To control its operation, the heater 10 may receive 115 volt a.c. power along the leads L1 which passes through the transformer T and the rectifier R. The combination of the transformer T and the rectifier R will provide electrical power of approximately 12 V. between ground and the lead L2. This would also provide 12 V. along the leads L3. To make use of the 115 V. in this fashion, the selector switch S1 should remain in the configuration shown in the figure. Alternately, without the 115 V. a.c. power, moving the switch S1 to the second position allows the use of a 12 V. battery connected to the leads L3. Again, this would provide 12 V. between ground and the lead L2.

After appropriately positioning the switch S1 and connecting to the proper source of electrical power, the actual operation of the circuit commences by closing the main power switch S2. This provides power to the motor 37 which drives the blower 36. It also allows current to flow along the lead L3 to the ignition switch S3. Closing the switch S3 provides current to the ignition valve 20 to open it and allow propane to flow through it and along the conduit 22 to its opening 23. The switch S3 also provides current to the ignition coil CL. The ignition coil CL takes the form of a resistive element heating to a sufficient temperature to ignite the pilot light gas at the opening 23.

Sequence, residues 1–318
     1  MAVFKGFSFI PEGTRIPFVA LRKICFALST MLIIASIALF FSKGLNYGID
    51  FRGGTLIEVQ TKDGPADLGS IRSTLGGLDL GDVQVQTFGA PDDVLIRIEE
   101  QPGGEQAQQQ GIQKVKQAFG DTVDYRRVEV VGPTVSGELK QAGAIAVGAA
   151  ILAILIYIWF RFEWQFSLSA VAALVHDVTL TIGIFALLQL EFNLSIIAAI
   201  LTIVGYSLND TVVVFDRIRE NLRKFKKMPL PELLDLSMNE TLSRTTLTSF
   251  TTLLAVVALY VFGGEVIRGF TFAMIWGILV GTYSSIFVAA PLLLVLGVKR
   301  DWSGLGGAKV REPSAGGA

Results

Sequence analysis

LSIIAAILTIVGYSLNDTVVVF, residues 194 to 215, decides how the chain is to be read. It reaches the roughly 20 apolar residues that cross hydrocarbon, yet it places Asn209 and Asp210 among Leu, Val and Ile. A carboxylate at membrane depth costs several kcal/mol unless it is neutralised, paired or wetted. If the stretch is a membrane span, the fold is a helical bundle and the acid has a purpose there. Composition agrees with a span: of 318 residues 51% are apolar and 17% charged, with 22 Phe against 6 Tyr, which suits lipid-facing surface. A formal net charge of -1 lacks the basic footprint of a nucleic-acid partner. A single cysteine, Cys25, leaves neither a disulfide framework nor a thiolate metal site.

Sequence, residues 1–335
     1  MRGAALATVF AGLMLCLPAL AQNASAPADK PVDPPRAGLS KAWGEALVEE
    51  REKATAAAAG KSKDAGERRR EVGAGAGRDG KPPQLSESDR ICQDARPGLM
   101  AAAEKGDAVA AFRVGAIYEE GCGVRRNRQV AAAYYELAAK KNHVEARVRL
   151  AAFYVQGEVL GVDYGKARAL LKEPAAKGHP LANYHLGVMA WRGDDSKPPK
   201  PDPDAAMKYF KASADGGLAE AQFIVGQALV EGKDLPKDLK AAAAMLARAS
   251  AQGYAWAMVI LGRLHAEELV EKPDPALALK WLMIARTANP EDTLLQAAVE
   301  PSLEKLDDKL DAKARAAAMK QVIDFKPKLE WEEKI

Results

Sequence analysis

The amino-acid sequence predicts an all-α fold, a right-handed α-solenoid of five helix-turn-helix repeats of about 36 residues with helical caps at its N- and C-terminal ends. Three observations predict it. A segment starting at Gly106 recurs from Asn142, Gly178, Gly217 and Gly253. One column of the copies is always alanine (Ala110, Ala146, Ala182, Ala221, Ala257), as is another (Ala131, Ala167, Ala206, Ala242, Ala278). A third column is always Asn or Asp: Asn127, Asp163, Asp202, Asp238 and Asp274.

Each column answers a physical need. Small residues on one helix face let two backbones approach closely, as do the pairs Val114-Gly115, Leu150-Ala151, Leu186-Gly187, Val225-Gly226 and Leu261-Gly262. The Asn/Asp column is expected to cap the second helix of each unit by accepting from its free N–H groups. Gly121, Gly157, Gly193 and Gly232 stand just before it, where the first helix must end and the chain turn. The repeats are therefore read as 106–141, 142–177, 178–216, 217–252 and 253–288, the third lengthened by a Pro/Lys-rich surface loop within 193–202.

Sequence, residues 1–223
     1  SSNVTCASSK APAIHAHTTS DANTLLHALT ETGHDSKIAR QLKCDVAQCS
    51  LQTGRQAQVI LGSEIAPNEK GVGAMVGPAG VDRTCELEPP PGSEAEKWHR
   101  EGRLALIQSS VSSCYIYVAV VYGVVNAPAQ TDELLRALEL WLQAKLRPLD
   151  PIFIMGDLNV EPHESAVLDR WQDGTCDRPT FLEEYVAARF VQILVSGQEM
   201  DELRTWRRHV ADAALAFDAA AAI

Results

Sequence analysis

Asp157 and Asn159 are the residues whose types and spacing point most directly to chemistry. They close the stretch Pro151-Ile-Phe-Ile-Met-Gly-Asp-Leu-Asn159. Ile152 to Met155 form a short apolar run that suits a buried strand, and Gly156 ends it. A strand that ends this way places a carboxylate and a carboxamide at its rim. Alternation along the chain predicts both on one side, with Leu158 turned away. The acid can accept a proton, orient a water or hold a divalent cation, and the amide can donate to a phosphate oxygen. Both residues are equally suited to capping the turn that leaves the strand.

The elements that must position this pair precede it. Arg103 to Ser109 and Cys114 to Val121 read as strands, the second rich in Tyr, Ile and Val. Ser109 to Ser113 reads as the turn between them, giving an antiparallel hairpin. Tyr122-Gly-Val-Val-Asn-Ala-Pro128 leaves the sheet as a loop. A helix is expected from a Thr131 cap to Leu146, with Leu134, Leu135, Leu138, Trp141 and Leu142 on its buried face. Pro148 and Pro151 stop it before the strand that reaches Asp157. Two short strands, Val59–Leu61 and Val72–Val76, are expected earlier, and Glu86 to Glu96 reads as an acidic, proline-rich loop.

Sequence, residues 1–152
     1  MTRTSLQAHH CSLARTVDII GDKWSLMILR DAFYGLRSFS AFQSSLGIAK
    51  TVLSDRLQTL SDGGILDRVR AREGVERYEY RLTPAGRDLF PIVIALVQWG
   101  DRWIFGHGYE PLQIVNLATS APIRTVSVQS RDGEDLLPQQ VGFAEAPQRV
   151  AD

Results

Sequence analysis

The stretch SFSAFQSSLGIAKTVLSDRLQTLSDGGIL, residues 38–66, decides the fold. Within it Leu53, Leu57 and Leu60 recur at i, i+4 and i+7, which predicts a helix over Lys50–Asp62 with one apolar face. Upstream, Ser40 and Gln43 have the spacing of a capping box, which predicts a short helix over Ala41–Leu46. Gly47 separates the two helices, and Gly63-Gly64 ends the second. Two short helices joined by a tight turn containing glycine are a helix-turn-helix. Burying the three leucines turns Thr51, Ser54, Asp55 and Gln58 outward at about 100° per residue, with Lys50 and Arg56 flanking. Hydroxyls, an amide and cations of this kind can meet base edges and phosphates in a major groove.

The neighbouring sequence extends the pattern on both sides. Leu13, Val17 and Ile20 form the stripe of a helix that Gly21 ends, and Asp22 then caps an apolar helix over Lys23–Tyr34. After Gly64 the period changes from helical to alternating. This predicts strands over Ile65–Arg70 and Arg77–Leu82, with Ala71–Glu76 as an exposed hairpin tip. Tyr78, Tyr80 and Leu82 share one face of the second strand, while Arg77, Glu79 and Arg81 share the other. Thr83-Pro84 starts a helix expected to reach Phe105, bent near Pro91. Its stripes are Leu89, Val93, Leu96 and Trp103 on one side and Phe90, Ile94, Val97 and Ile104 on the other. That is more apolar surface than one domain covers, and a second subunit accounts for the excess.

Lastly, the switch S2 also allows current to flow through the main valve 21. However, to complete the circuit, the current flowing from the main valve 21 must pass through the thermal switch S4. The termal switch S4 opens when the temperature in the burner tube 30 has reached a predetermined level. Below that temperature, the switch S4 remains closed and allows current to flow through the main valve 21 so that the propane may pass through the conduit 28 and into the burner tube 30 to produce the desired heat. Upon reaching the desired temperature, the thermal switch S4 opens, which closes the main valve 21. This stops propane from entering the burner tube 30 until the temperature inside falls below the predetermined level. At that point, the switch S4 again closes, the main valve 21 opens, and more propane enters the burner tube 30 to produce further heat.